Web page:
It's about the beer
Gina Miller and Bill Keeper
Hey Bill, did you hear about the latest series of law suits and counter suits over beer name
copyrights? Full Sail Brewing Company is going after Grey Sail Brewing Company and
Coronado Brewing filed suit against Elysian Brewing Company alleging that Elysian “knocks
off” Coronado’s registered beer Idot when they came up with one called Idiot Sauvin. One of
my favorite suits was when Bear Republic owner of Racer 5 sued Central City Brewing
because they were marketing a beer called Red Racer.
Now I understand that memorable names mean everything to micro breweries. Loyal
customers often ask for specific brews and word-of-mouth advertising is indispensable to most
small breweries who can't afford much in the way of advertising. I also know that the
government only registers trademarks and the trademark owner is responsible for its
enforcement. And lastly Bill, I appreciate the fact that itt is important to diligently enforce the
use of a trademark because trademark owners run the risk of losing their rights otherwise.
But it's still silly. Are they saying I might order a Racer 5 instead of the Red Racer because
one tried to intentionally confuse me? Am I that easy to confuse, bill? Don't answer that!
Consider the classic case of Budweiser vs.Budvar. The use of the registered trademark for
Budweiser Budvar beer is originally from the Czech Republic. The St. Louis-based Anheuser
Busch has been trying to purchase the Pilsner trademark for global use from the Czech
company for decades. But, successive Czech governments have persistently opposed this or
any privatization of the state owned company. The two companies are still fighting over the
name in different European countries.
A few years ago Hansen Beverage Company makers of Monster Energy Drink sent a cease
and desist letter to Rock Art Brewery over the name “Vermonster,” citing that it was too close
to their brand of Monster Energy Drinks. The letter was revoked by Hansen after public outcry
and calls over the Internet to boycott Monster. Seems we the public are not as dumb as some
might think and we resent being treated as such.
To be honest I admit to sometimes getting confused by similar names but never to the point of
buying something I didn't want. Beer names like “Flying Dog, Flying Fish, Dogfish, Sea Dog,
Laughing Dog; High & Mighty, High Noon, High Point; Mad River, Russian River, Snake River
seem to exist in the marketplace without an uproar from the public. If there's no confusion
maybe the best thing for beer companies to do is just sit back and let beer drinkers determine
which beer is best by buying it.
That's it from me, chug-a-lug, Bill.....see you next month.
Well Gina, In the case of alcoholic beverages, the degree of similarity is a big deal since the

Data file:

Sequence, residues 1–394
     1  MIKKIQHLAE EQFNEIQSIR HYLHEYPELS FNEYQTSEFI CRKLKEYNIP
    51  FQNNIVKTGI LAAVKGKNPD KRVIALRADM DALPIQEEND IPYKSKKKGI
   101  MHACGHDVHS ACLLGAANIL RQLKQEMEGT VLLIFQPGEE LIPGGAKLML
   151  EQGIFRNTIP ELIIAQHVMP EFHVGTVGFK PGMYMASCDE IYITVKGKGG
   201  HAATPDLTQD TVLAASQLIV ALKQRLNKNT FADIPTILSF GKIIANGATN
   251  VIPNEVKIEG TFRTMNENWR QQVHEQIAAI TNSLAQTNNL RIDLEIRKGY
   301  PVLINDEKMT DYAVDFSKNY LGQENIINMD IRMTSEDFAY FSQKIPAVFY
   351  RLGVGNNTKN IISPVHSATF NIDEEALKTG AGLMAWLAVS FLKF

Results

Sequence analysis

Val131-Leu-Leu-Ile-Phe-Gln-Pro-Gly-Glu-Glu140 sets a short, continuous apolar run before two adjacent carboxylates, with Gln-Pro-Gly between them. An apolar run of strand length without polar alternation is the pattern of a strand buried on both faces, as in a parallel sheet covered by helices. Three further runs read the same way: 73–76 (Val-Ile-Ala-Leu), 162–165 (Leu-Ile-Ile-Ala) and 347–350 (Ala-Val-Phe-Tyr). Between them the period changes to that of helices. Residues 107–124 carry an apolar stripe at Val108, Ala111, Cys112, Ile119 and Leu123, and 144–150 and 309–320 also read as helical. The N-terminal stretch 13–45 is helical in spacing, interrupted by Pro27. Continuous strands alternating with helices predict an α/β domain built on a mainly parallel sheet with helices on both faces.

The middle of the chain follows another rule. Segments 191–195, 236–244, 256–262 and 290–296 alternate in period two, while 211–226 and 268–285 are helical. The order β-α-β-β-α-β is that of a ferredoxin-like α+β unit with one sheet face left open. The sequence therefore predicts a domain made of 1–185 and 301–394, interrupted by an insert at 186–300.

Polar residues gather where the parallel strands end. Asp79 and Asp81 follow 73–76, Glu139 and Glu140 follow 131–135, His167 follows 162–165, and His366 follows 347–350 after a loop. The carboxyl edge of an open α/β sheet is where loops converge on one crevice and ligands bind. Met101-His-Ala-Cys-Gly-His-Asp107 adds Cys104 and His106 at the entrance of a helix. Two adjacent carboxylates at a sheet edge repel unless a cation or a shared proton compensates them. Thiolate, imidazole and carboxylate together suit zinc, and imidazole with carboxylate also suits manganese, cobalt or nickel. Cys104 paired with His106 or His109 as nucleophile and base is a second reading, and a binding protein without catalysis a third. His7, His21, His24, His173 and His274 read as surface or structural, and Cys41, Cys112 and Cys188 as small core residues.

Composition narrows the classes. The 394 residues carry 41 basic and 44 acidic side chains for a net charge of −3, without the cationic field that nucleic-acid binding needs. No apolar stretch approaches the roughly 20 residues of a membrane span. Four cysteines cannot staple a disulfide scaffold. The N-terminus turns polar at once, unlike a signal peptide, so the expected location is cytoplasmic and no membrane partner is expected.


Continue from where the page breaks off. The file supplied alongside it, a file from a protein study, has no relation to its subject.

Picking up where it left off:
likelihood of confusion is greater because drinks are frequently purchased at bars and clubs
without the buyer seeing any bottles or labels. Owners of trademarks do so essentially so they
can prevent “tarnishment” of their brand by those making inferior products. I'm sure if you were
Sierra Nevada you wouldn't want some brewery making a terrible light lager and calling it
Trademark laws are there for reason and it is not that hard for a new brewery to make sure they
are not infringing on another's name. Three simple steps can save a lot of expensive legal
haggling. First just check out the United States Patent and Trademark Office website. Running a
free search will come up with all federally registered trademarks. Second do a similar search for
state-registered trademarks. Lastly, because trademark rights under common law accrue
automatically when they are being used in commerce, a search on Google engines may also
provide useful information on who, if anyone, is using a name.
It makes sense to assume that neither business usually wants their brand being confused with
the other side’s different (and potentially inferior) product. In the world of craft beers, one bad
sip can mean disaster, as you correctly noted. As such, copyrights are really important.
I appreciate your point that the buying public will eventually sort things out making the
marketplace the ultimate judge of any infringements. But that takes time and good guys can
lose. Still, lawsuits are expensive and most micro breweries would much rather put their time and
money into brewing more beer so let me suggest the breweries might come up with some sort of
coexistence agreements that agrees on ways to use a disputed name. In other words, settle it
yourselves. Of course the best way to solve an honest dispute over a beer's name was seen
when Avery sued Russian River over "Salvation", a Belgium style ale both were making. hey
decided to jointly brew a seasonal beer that “blends the brews to catch the best qualities of
each.” They named the final product Collaboration Not Litigation Ale.
Here's looking at you, kid! See you next month.